As a franchise coach, it is important for me to keep my eye on the latest developments in franchising across various industries. Over the past year and a half, various factors that affect businesses and the economy have created a more uncertain atmosphere for business. The risk of a recession, combined with an upcoming U.S. election year, has led many prospects to be conservative with their investments. Yet, in the middle of this more conservative atmosphere, franchisors continue to innovate.
Cutting Costs and Casting Votes
Many of the most popular franchise options this year have low investment. Franchises that don’t come with big starting expenses, like having to buy or lease a large storefront, are the ones I see attracting the most prospects. One of the reasons prospects are being so careful with their investment dollars is the uncertain direction the economy has taken.
U.S. Bank reports the gross domestic product rose substantially in 2021, with a growth rate of 5.9% by the fourth quarter of that year. However, in early 2022, the growth rate took a nosedive in the first half of the year. It pulled out of this dive, but the rate only reached about 3% by the Q3 2022. Since then, the GDP’s growth rate has slowly declined, leading economists and businesspeople to be concerned that an economic recession is coming.
On top of the risk of a recession, 2024 is going to be an election year in the U.S., which traditionally has been a time when many markets are in flux. Depending on which party is in power, policies that affect business practices, industry regulations, and other factors may change. If nothing else, folks don’t like the prospect of change. This leads some prospects to take a wait-and-see approach.
The Value of Staying Power
Because of the above factors, recession resistance is another important quality for franchises in 2023. When it comes to resisting recession, the name of the game is indispensability. People and businesses will seek to cut costs when the economy is difficult, so the less they can afford to do without a certain product or service, the more secure the investment for prospects.
Some industries’ products and services are more liable to be on both personal and professional budget chopping blocks, such as home decoration, remodeling, and luxury travel. Meanwhile, Guidant Financial reports that other industries are likely to keep going strong in a recession. Regardless of the economy, consumers need to buy groceries, fix their car and repair a broken pipe in the house.
It’s important to note that even among the more indispensable industries, some businesses are more recession resistant than others. For example, automotive repair businesses that focus on body work might still see a dip in their revenue as people are more likely to put up with a few dings and scrapes to save money, but businesses that focus on engine repairs will remain in demand because customers will be more inclined to get their engines repaired than risk having to buy a new car.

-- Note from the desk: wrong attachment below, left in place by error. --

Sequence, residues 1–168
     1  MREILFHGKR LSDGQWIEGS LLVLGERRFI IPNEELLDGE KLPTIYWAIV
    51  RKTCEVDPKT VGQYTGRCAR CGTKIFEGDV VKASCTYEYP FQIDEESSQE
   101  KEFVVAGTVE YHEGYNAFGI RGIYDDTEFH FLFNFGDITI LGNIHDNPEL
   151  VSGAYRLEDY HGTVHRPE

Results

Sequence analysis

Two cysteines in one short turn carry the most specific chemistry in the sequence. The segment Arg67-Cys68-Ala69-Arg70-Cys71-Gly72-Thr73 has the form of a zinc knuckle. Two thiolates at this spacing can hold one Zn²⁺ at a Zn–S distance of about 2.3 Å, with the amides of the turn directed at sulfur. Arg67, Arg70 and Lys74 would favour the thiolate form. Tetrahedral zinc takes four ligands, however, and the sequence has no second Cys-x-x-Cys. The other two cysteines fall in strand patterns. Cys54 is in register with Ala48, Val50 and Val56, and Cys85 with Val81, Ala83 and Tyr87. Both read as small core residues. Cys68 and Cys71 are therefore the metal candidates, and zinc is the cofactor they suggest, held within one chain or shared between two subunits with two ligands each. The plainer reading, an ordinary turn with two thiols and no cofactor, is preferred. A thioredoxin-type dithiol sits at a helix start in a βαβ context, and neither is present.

Despite the uncertainty of the economy in the second half of 2023 and into next year, some franchisors are still willing to experiment with new business practices. One recent development I’ve seen recently is testing an absentee owner model. After the franchisee provides the initial investment, they have little oversight of the business since the franchisor handles day-to-day operations. There are also semi-absentee owner franchises, in which the owner is involved, but in a limited capacity, making routine visits to locations and actively managing their manager.
While semi-absentee and fully absentee franchises existed in the 80’s and 90’s, they were only ever popular with restaurant, hotel and salon ownerships. However, franchise infrastructural backbones has greatly improved, making it possible to set up a system to monitor business activity without having to get actively involved. This is especially appealing to businesspeople who want to hedge their bets by investing in franchise ownership while retaining their current jobs.
Overall, the jury is still out on how successful this kind of business model will be. I think absentee owner franchising is still in its experimental stage, and the next 12 months will be a proof-of-concept period for it. It will probably take an additional year or two to determine just how profitable the model can be, but if it at least proves viable, then I expect more companies will be interested in trying it out.
Watching The Dice Land
Going forward, the second half of 2023 and into 2024 will be a period when a lot of results start to emerge. We’ll find out whether the economy goes into recession or stabilizes, whether hands-off franchising models will prove viable, who will be in the White House for the next four years and what kinds of economic policies they’ll pursue. As this period approaches, many franchisees are preparing for all outcomes, while franchisors are trying out new practices that accommodate these cautious prospects. Overall, I think the next 12 months is going to be both interesting and fun to watch.
Rick Bisio is one of the country’s most respected franchise coaches and author of the Amazon best seller, The Educated Franchise – 3rd Edition. Since becoming A Franchise Coach in 2002, Bisio has assisted thousands of aspiring entrepreneurs nationwide helping them explore the dream of business ownership. www.afranchisecoach.com